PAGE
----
At first a mere thread of a footpath half blotted
out by the grasses
Sweeping triumphant across it, it wound between hedges of roses
Whose blossoms were poised above leaves as pond lilies float on
While hidden by bloom in a hawthorn a bird filled the morning with
It widened a highway, majestic, stretching ever
to distant horizons,
Where shadows of tree-branches wavered, vague outlines invaded by
No sound but the wind as it whispered the secrets of earth to the
And the hum of the yellow bees, honey-laden and dusty with pollen.
And Summer said, "Come, follow onward, with no thought save the
The wind, and the bees, and the flowers, all singing the great song
Are minstrels of change and of promise, they herald the joy of the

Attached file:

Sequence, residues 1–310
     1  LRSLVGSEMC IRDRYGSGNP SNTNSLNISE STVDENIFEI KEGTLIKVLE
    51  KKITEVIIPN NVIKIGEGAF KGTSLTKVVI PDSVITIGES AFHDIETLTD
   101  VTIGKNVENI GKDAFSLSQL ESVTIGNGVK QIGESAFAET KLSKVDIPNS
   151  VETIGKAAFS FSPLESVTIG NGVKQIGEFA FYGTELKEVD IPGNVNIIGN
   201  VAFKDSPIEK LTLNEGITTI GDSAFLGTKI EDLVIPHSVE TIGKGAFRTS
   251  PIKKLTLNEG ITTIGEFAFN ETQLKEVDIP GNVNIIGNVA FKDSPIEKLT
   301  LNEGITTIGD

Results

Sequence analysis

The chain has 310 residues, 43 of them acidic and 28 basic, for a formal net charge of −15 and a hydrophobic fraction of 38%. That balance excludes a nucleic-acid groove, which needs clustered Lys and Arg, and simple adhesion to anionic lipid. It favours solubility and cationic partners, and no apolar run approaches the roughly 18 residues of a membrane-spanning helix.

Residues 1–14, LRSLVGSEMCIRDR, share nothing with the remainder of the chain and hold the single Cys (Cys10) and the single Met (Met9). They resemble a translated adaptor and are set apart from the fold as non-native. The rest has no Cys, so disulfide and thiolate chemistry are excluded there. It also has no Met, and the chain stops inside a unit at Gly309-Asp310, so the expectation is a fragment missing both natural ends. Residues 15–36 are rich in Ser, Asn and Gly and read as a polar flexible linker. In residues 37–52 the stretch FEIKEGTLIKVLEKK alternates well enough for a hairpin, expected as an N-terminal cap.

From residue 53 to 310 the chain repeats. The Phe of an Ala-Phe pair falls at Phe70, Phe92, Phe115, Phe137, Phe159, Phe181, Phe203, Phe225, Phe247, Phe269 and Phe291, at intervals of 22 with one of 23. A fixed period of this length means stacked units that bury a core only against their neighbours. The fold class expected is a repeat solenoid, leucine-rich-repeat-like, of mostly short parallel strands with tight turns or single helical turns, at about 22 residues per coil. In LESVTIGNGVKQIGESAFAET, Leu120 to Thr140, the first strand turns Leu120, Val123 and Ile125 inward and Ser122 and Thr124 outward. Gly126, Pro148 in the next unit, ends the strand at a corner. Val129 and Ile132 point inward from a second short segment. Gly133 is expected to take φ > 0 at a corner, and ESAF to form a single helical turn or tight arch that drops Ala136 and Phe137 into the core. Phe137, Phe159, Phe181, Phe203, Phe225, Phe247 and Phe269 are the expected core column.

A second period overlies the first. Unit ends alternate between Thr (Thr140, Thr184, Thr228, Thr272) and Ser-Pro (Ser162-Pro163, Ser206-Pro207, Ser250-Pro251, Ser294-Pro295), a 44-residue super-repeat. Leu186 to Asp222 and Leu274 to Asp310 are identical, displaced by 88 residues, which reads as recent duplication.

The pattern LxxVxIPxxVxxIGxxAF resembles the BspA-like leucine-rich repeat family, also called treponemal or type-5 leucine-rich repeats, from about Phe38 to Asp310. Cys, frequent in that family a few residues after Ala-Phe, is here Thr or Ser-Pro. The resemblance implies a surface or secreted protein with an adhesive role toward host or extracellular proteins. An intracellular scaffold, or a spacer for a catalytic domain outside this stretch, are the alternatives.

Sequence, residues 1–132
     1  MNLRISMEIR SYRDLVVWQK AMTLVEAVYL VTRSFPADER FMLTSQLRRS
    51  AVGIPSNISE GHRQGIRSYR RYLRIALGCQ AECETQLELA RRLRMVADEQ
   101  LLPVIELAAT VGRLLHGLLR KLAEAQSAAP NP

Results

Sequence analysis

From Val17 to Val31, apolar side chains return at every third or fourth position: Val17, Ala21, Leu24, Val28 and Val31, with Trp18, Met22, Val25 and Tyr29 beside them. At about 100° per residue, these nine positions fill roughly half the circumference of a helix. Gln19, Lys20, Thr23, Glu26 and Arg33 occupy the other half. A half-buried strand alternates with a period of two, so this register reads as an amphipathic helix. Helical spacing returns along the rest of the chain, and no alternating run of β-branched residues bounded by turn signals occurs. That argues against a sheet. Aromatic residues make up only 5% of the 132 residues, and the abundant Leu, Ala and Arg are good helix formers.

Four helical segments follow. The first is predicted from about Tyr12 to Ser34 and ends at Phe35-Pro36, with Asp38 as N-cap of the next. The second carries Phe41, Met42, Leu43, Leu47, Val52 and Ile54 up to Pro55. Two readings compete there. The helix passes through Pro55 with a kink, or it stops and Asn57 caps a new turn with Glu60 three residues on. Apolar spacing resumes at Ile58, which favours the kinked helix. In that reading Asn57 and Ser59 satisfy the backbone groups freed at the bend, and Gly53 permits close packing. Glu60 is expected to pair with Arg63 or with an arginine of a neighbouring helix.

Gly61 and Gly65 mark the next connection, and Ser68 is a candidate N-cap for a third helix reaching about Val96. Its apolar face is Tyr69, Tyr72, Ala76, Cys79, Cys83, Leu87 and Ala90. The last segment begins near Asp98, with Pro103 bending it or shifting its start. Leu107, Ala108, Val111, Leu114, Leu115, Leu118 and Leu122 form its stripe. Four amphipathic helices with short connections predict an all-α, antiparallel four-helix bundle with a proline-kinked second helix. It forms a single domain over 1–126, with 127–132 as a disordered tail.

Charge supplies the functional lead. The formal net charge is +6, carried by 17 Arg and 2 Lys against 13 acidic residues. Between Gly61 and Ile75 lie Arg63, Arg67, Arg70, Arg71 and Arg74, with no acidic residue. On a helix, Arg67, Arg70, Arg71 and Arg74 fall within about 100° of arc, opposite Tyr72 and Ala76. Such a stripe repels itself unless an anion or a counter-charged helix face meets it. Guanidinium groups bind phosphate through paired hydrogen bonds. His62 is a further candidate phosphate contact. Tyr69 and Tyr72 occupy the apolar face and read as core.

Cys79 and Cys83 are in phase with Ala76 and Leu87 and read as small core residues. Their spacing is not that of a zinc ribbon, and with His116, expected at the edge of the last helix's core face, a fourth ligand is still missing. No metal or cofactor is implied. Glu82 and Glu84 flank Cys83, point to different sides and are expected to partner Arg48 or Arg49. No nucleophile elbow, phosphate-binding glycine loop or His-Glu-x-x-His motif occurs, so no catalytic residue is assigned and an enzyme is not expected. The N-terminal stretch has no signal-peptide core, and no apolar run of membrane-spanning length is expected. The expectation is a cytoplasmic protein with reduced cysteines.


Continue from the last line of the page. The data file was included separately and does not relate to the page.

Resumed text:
Later the solitude vanished, confused and distracted
Where many were seeking and jostling. Left behind were
and the flowers,
The half-realized beauty of quiet, the sacred unconscious communing.
And now he is come to a river, a line of gray, sullen water,
Not blue and splashing, but dark, rolling somberly on to the ocean.
But on the far side is a city whose windows flame gold in the sunset.
It lies fair and shining before him, a gem set betwixt sky and water,
And spanning the river a bridge, frail promise to longing desire,
Flung by man in his infinite courage, across the stern force of
And he looks at the river and fears, the bridge is so slight,
yet he ventures
His life to its fragile keeping, if it fails the waves will engulf
O Arches! be strong to uphold him, and bear him across to the city,
The beautiful city whose spires still glow with the fires of sunset!
About the Author
Amy Lowell (February 9, 1874óMay 12, 1925) was an American poet of the imagist school from Brookline, Massachusetts who posthumously won the Pulitzer Prize for Poetry in 1926. She was born into Brookline's prominent...
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